One of the great things about living in Washington, D.C., is that there are so many interesting places to visit within a 100-mile radius. The destinations vary in attractions and interests as well. There are seaside retreats, mountain getaways, ski resorts and historic towns tucked between valleys and rolling hills so there’ll always be something for everybody to enjoy. With only a few weekends left this summer, now is the time to get ready, pack your bags, and explore these unique cities and towns. Here are some of the best daytrips from Washington DC.
Best Washington DC Daytrips
Delaware Beaches (Dewey, Rehoboth, Lewes)
Washington, D.C., lies in close proximity to many of the eastern seaboard’s beach destinations but the best overall spots closest to Washington, D.C., are in Delaware. Dewey, Rehoboth, and Lewes are three of the beaches north of Rehoboth Bay and lie approximately 125 miles east of the District. These Delaware beaches offer golden sandy shores with plenty of excellent seaside eateries. If you decide to stay overnight, you’ll find that there are plenty of activities to do from exploring Rehoboth’s classic beach boardwalk to enjoying live musical performances at Bottle and Cork in Dewey.
The capital of Maryland is one of the most popular destinations for best Washington DC daytrips. Annapolis is located just 35 miles east of the nation’s capital and the drive generally just takes less than an hour if there’s no traffic. The temptation of eastern shore crabs, the Chesapeake Bay, and its historic center brings people here in throngs. Annapolis is also the sailing capital of the United States. It may just be a marketing ploy but visitors will be inclined to believe it when they see the dozens of schooners raising sails on Chesapeake Bay. For some of the best views of the bay, head over to the Annapolis City Dock or to Cantler’s Riverside Inn. The former has a scenic marina with plenty of shopping and eating establishments as well. The latter is one of the best, if not the best, seafood restaurants in the city. Also, while in Annapolis, take some time to visit the Maryland State House, the oldest continuously operated one in the country, and the United States Naval Academy.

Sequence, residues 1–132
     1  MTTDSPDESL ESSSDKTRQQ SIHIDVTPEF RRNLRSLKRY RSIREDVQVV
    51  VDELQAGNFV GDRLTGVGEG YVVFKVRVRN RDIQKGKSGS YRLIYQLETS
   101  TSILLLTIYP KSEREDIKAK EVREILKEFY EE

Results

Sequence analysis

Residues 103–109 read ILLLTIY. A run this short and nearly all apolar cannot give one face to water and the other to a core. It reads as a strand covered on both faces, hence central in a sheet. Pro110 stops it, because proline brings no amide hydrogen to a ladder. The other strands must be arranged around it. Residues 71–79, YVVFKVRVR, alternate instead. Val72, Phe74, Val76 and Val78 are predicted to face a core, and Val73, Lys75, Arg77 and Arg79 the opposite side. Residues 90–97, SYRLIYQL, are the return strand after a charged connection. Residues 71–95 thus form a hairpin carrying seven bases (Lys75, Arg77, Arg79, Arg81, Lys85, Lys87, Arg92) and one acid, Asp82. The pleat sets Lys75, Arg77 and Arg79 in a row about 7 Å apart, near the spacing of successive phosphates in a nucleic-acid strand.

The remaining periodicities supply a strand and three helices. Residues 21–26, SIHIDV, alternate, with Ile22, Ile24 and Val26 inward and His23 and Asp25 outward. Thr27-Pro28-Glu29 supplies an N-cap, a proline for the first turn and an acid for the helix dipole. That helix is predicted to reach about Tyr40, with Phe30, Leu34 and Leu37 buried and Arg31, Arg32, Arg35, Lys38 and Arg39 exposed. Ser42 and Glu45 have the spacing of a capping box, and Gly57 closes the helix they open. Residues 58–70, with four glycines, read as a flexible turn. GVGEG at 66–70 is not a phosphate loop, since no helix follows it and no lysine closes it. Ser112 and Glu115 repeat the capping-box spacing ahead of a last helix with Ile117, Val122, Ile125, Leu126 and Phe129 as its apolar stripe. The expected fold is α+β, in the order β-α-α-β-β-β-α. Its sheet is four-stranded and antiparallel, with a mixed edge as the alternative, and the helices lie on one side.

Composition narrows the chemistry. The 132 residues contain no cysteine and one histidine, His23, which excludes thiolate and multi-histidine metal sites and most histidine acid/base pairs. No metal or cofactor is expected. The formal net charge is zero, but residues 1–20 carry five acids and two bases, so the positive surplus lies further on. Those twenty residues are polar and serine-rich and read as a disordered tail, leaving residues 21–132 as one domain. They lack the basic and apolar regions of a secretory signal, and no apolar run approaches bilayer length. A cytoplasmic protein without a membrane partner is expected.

The lure of the Blue Ridge Mountains and the Shenandoah Valley is irresistible to many Washingtonians that’s why the cities and towns surrounding the region are common destinations for camping excursions and one of the best Washington DC daytrips. One of those cities is Luray. It’s located in Virginia’s Page County, just a little less than 100 miles west of the District. Arguably its most popular attraction is Luray Caverns, an underground cavern system with vast limestone stalactites, stalagmites, and columns formations. Tours are available daily, from 9 a.m. onwards to 6 or 7 p.m. depending on the season. The entrance fee of $26 for adults includes a guided tour of the caverns and a self-guided tour of the Car and Carriage Caravan and the Luray Valley Museum. If exploring the grounds underneath isn’t quite your cup of tea, you can hike Stony Man Mountain, one of the most popular trails at Shenandoah National Park. It’s a short and relatively easy hike that also cuts through parts of the Appalachian Trail. Once at the top, you’ll be rewarded with sweeping views of the valley below.
American history buffs will definitely enjoy a visit to Gettysburg as it is one of the best Washington DC daytrips. This charming town in rural Pennsylvania was the sight of the bloodiest battle between Union and Confederate soldiers during the Civil War and was also the site where Abraham Lincoln delivered his infamous Gettysburg Address. It’s a mere 90-minute drive north of Washington, D.C. The main attraction here is Gettysburg National and Military Park, a 4000-acre farmland with rolling hills and open valleys where clashes were fought some two centuries prior. The park is free to visit, has extended hours in the summer up to 10 p.m., and has a number of ranger tours that are also free of charge. Visitors wanting to tour the battlefields can opt to do so on their own by following an auto tour. The 24-mile route will direct you to 16 different points that will tell you about the chronological history of the three-day battle. The whole trip can take anywhere from three to four hours. In addition to the park, Gettysburg also has an interesting historic town center filled with beautifully restored Civil War houses that serve as inns and boutique shops. The town center also has a number of restaurants like the newly opened Food 101 and local favorite Hunt’s Battlefield Fries and Café that’ll satisfy any food craving.
Do you have other suggestions for the best Washington DC daytrips? Let us know in the comments below!